They lived like that while the cameras rolled. For years, I snuck onto the green screen soundstage, replacing filled tapes with fresh ones. There were 400 cameras in all. Tommy knew about 20 of them, but I hid mine behind Tommy’s many paintings of spoons, his favorite way to eat bananas.

If you’ve seen the movie, then I guess you know what happened next. Tommy proposed to his girlfriend. She said yes, but deep down something of her former self began to stir. She awoke from the Hypno-Wiseaou’s secret spell. Next she woke up Tommy’s best friend. Together they did the only sensible thing: had accurate sex. Then they woke up the mom, and the shock of it gave her cancer. No one could figure out if it was narrative cancer or the real deal. You see, Tommy had long ago persuaded their doctors, dentists, lawyers, and everyone else they knew to be a part of his “happy fun time project.” No matter where they turned, they were in Tommy-land.

This took a most profound toll on the little retarded boy. When he awoke, he could no longer trust if he was still retarded or not. If he were, he wouldn’t know it because that’s a part of being retarded, just like thinking you’re sane is a part of being crazy or thinking your smart is a very strong sign of stupidity. In the end, he overdosed on a drug called cigarettes. After he was dead from that, he wasn’t sure if he was dead or not, so he jumped off a building and fell three feet onto the green-screen floor. Because he had so thoroughly double-checked, he was certain that he’d succeeded this time. He was proved right when he died of dehydration less than a week later. Tommy held the funeral in his living room and sang “We are the Champions” though it was really “Sweet Home Alabama.”

Soon after that, Tommy’s frustrated girlfriend started attacking his fragile psyche with talk of leaving him for his best friend. When that didn’t work, she did that thing girls do, you know, where she beats the shit out of herself and then makes you think you did it. When that didn’t work she showed him her actual vagina.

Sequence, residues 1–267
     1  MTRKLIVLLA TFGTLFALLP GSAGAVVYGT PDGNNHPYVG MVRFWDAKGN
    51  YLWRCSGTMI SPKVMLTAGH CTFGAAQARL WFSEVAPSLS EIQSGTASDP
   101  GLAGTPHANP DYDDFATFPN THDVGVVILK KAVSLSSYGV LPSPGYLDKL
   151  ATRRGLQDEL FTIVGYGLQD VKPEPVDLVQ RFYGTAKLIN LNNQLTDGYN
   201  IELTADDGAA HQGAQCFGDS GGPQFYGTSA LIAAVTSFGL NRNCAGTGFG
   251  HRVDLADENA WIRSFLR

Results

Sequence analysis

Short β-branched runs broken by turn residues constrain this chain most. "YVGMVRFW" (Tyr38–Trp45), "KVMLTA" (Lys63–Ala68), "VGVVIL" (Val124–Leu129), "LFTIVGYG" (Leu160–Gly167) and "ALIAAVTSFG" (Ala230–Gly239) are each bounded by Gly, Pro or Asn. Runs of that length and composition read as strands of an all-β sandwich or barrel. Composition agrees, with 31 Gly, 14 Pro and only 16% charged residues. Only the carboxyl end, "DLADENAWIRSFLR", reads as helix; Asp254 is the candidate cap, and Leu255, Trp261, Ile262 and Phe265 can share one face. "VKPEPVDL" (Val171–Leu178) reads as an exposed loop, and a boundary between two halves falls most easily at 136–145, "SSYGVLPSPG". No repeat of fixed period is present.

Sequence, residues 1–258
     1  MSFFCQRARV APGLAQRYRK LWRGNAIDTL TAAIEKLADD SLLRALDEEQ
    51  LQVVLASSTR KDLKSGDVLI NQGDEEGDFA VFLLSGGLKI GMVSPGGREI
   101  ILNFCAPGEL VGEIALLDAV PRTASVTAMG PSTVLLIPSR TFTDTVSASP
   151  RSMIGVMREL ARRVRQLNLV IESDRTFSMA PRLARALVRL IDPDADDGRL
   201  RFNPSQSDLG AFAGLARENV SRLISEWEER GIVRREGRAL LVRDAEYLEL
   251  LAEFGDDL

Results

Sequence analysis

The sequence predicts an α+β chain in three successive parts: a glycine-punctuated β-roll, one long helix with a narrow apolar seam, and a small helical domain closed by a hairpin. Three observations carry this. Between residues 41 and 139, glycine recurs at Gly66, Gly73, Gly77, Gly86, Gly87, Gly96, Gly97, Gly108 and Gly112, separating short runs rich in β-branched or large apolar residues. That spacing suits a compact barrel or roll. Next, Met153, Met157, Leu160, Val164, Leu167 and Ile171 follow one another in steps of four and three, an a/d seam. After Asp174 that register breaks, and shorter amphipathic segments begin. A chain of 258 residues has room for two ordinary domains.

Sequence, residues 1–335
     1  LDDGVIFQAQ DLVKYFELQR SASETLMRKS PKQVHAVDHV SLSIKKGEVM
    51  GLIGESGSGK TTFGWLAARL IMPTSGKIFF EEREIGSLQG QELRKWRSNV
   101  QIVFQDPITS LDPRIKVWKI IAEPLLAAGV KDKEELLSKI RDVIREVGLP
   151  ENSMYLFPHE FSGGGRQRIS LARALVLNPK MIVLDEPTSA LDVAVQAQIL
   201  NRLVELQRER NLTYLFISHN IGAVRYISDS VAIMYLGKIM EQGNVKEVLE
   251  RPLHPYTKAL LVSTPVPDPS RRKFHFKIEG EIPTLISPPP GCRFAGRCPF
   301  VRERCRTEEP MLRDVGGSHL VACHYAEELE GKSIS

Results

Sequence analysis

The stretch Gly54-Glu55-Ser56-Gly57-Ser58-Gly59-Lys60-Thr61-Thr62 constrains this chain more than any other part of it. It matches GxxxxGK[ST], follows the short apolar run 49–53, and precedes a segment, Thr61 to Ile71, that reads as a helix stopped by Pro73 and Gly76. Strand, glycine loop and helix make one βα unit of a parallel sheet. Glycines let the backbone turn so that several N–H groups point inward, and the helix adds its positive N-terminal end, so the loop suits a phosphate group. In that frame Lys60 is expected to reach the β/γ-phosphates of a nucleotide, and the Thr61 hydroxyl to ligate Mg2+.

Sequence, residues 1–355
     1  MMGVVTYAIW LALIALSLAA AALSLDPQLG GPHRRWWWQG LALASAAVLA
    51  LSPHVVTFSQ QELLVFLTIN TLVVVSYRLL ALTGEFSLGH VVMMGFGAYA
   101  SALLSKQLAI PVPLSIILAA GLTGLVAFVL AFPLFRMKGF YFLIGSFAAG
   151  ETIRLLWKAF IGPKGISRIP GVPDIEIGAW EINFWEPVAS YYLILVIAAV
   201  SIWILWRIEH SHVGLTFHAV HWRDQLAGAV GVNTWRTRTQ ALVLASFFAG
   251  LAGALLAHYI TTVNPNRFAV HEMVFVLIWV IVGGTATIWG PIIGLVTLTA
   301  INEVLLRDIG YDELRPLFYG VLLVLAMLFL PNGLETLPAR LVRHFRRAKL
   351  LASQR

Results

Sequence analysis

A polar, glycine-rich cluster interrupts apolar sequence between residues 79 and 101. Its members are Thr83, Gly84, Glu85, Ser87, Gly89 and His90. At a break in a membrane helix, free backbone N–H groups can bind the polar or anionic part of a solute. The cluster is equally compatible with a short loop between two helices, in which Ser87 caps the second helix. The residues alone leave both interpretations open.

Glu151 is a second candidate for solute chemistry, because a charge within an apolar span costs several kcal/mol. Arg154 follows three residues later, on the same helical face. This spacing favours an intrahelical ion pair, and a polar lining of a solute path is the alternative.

This treatment is what finally pushed Tommy over the edge. Tommy knew she loved him. He knew that the absolute worst thing he could do to her was rob her of himself. So he attempted to scare her straight by shooting himself in the foot. Somehow, he ended up shooting himself in the head instead. I think the idea of shooting himself in a place he could actually see scared him, and he impulsively went for the one place he couldn’t see: right behind his eyes.

The moment he died, his spell over San Fransico/Los Angeles lifted and we all felt both touched and violated by a special breed of angel. I edited together the footage that made sense and limited the film’s release to California only because he really was our cross to bear and the wind beneath our wings. I guess we lost our innocent a little bit with Tommy. We learned something about manipulating others for the sake of art and how worthwhile it is, especially if they’re retarded.

Keep reachin’ for the stars kid…we love ya.

Executive Producer:
Bob Brush

♫ What would you do if I sang out of tune / Would you get up and walk out on me?♫

(three stars)